The Junior Maine Guide examiners were impressed with this group of candidates for the 2018 Testing Camp and are pleased with how well the camp went. This group of candidates had a great deal of respect for the JMG Program, and they were excited to have the opportunity to represent their camps.
There were 64 candidates representing 9 camps. The passing rate was 53.1 percent – 34 of the 64 candidates passed. This was the highest passing rate since 2014, which had 56.0 percent passing rate. The breakdown of candidates’ performance is as follows: 20/24 second year (with one third year) candidates passed; and 14/40 first year candidates passed.
Even though the weather was wet at times, there were few disruptions to our schedule. The heaviest rain occurred one afternoon around 5:30 as the candidates were preparing dinner.
Here are some quick notes:
- The passing percentage on each test was higher than last year’s test, except for the Wilderness Regulations test.
- A writer and a photographer from Maine Magazine visited for an article that will appear in their next March issue.
- Camp Forest in Brooks, ME sent the leader of their outdoor program to JMG Camp for a visit to learn more about the JMG Program.
- One of our campfire speakers wrote and was impressed with “how welcoming “ the candidates were this year.
As is becoming the trend, the candidates enjoyed our campfire speakers and learned from the topics that were presented. Candidates appreciate the evening presentations because they help relieve stress.
Our speakers were:
Monday – Stephanie Palmer, a true advocate of the outdoors, from the Rangeley area who helped start a Junior Guide summer program in Rangeley for the area children. She and her late husband were the leaders in developing the Outdoor Museum in Oquossoc. Stephanie talked about Fly Rod Crosby who was Maine’s first Registered Maine Guide and a leader in promoting tourism in the Rangeley area as well as a leader in conservation of fish and wildlife.
Tuesday – Warden Pat Eagen discussed his job description and the t long process of how to become a warden. Pat mentioned some of the good aspects of the job, such as helping people, as well as some of the bad aspects, like when a search and rescue fails.
Wednesday – Master Maine Guide and storyteller Roger Lambert of Strong returned to JMG Camp. He discussed what it means to be a Maine Guide, what his responsibilities to his clients are, and had everyone practicing their moose calls.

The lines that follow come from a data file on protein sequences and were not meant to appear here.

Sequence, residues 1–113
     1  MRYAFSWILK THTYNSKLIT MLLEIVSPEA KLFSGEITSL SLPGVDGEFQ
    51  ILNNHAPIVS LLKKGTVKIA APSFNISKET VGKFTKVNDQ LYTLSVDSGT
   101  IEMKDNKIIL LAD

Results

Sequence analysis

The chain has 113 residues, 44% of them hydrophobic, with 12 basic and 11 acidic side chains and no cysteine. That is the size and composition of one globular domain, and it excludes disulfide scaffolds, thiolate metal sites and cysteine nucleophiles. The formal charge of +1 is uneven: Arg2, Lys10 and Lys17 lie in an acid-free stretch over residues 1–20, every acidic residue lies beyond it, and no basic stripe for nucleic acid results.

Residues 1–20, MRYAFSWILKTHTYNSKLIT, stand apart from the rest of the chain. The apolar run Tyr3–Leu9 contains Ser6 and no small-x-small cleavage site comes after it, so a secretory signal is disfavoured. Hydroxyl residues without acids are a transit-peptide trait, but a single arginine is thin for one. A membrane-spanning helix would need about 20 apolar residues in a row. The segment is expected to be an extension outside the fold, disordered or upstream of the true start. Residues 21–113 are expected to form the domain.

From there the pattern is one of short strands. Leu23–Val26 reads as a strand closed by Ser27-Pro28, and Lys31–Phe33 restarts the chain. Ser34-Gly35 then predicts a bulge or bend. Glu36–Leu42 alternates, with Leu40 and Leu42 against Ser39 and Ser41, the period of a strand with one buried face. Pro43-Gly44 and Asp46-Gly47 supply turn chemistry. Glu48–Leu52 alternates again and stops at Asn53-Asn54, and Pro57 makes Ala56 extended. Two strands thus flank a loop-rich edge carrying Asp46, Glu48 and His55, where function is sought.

Thursday – Two Border Patrol officers spoke. They discussed their experiences on the southern border and were quite informative about what is happening there. They also mentioned the responsibilities they have in the Rangeley area. The treat of the evening was a presentation by their drug-sniffing dog and how these dogs are trained.
The JMG staff thought that this group of counselors at JMG Camp were a “middle of the road” group. Some of the counselor staff needed guidance and reminders of their responsibilities at JMG Camp. The JMG staff understands it is difficult to send a counselor to JMG Camp for a week when that person is much needed in camp. The staff also understands the concerns about how old the counselor should be. The staff has noticed that having a counselor at JMG Camp who has not worked in their candidate training sometimes has a tough job working with their group.
The following are some comments from the candidates’ evaluation forms:
Meeting all the testers and having meals with them
The interesting speakers at campfire
Preparing our meals
Getting to know the candidates from the other camps
Wet Day Fire was the favorite test of several groups
Being on our own to run our campsite the way we thought it should be
Least favorite experiences
Waking up early and cooking every meal
The rain or…not passing
Doing the dishes
Map of Area is a stressful test (One group said Wet Day Fire was stressful)
No down time and trying to get all the tests completed
Rush after morning testing to get lunch ready
Longer testing time in the morning – or add a day to Test Camp
Checking the tests for misprints or typo’s
Add a rest hour
Advice for future JMG candidate
Triple-check all equipment before you leave your camp
Learn to accept defeat, but stay positive; keep your chin up
Don’t worry; just be yourself
Do boring tests first and make a schedule for your test taking
JMG is all about how you handle situations so just breathe and do your best
Even if you fail, you’ll take something positive away from test camp
Don’t waste time with last minute cramming – Confidence in yourself is key
Study, study, study and use your time wisely – But have fun. Stressing out won’t help.